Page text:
Ostriches have no teeth and swallow small stones to aid their digestion and grind food in the gizzard. An adult ostrich carries about 1kg (2.2 lb) of stones in its stomach. Ostriches can go without drinking for several days, using metabolic water and moisture in ingested plants.
In their natural environment ostriches normally spend the winter months in pairs or alone. During breeding season and sometimes during extreme rainless periods ostriches live in nomadic groups of five to 50 birds, led by a top hen.
Ostriches become sexually mature between the ages of two and four years; females mature about six months earlier than males. Eggs are laid early spring to autumn, weighing between 1kg (2.2lb) to 2kg (4.4lb). Ostriches are oviparous. The females will lay their fertilized eggs in a single communal nest, a simple pit, 30 to 60 centimeters (12–24 in) deep and 3 meters (9.8 ft) wide, scraped in the ground by the male. The dominant female lays her eggs first, and when it is time to cover them for incubation she discards extra eggs from the weaker females, leaving about 20 in most cases.
Ostriches were almost wiped out in the 18th century due to hunting for feathers. By the middle of the 19th century, due to the extensive practice of ostrich farming the ostrich population increased. The movement changed to domesticating and plucking ostriches, instead of hunting. Ostriches have been successfully domesticated and are now farmed throughout the world, particularly in South Africa, for meat, feathers and leather. The leather goes through a tanning process and is then manufactured into fashion accessories such as handbags, belts and purses. It is also used in the car and aviation industries, as well as to upholster furniture.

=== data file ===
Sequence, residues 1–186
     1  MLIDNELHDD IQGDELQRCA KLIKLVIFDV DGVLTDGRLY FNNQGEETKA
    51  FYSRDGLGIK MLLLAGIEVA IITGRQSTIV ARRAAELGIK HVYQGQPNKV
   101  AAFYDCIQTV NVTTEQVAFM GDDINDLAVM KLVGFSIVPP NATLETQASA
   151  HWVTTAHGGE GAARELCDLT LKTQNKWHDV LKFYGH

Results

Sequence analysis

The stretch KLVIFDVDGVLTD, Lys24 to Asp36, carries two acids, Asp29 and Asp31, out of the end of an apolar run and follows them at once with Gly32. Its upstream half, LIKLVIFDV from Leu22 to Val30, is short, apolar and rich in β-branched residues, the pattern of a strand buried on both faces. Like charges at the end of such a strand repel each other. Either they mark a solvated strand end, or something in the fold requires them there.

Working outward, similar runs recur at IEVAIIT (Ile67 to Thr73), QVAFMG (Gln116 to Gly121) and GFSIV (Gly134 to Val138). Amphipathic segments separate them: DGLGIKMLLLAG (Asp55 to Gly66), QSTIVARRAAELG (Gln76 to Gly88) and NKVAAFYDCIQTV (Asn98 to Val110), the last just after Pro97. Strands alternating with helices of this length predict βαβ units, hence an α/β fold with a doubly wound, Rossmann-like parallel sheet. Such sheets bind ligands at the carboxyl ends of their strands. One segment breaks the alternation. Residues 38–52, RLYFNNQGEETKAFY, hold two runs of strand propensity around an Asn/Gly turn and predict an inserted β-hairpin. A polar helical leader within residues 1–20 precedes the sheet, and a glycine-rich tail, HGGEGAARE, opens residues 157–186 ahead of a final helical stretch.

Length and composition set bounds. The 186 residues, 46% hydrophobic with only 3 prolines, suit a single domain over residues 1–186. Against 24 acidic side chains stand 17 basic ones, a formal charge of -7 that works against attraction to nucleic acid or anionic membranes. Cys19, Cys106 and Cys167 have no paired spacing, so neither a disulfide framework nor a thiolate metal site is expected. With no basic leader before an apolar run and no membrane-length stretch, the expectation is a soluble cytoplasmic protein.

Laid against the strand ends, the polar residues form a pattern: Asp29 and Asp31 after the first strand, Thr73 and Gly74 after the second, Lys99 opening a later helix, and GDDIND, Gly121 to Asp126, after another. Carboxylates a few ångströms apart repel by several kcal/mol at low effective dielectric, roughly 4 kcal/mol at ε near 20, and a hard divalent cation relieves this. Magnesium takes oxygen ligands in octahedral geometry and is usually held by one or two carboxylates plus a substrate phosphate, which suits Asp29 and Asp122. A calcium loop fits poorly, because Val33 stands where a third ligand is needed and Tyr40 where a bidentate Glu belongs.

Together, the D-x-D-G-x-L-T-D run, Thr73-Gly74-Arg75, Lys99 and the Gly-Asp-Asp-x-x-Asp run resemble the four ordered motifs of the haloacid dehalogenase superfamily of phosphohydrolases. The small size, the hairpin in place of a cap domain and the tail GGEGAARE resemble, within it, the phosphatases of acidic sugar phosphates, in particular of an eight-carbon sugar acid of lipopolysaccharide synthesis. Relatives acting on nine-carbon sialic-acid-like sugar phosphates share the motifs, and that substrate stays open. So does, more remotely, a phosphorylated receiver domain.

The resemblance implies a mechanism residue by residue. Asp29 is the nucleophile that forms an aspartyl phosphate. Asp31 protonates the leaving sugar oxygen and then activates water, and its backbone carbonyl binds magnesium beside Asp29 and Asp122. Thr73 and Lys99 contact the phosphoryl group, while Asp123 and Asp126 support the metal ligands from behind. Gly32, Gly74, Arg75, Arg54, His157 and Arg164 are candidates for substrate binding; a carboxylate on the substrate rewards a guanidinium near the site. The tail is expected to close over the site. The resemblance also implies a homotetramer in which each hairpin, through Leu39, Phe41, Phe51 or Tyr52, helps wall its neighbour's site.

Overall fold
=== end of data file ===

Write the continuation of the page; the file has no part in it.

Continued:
Ostriches produce the strongest commercially available leather, which is supple and has a distinctive quill pattern. Ostrich meat tastes similar to lean beef and is low in fat and cholesterol, as well as high in calcium, protein and iron.
Recently the ostrich industry in South Africa, the largest in the world, has reached crisis point as various outbreaks of the H5N2 bird flu virus has been detected. Although this virus cannot be transmitted to humans, government regulation has required the culling of all ostriches affected with this strain of bird flu. Over 43 000 birds have been culled in South Africa since last year, many of these breeding birds. This has had serious repercussions on the industry, with many farms hatching no new chicks, while been forced to cull existing flocks. There is currently speculation that ostriches may become an endangered species.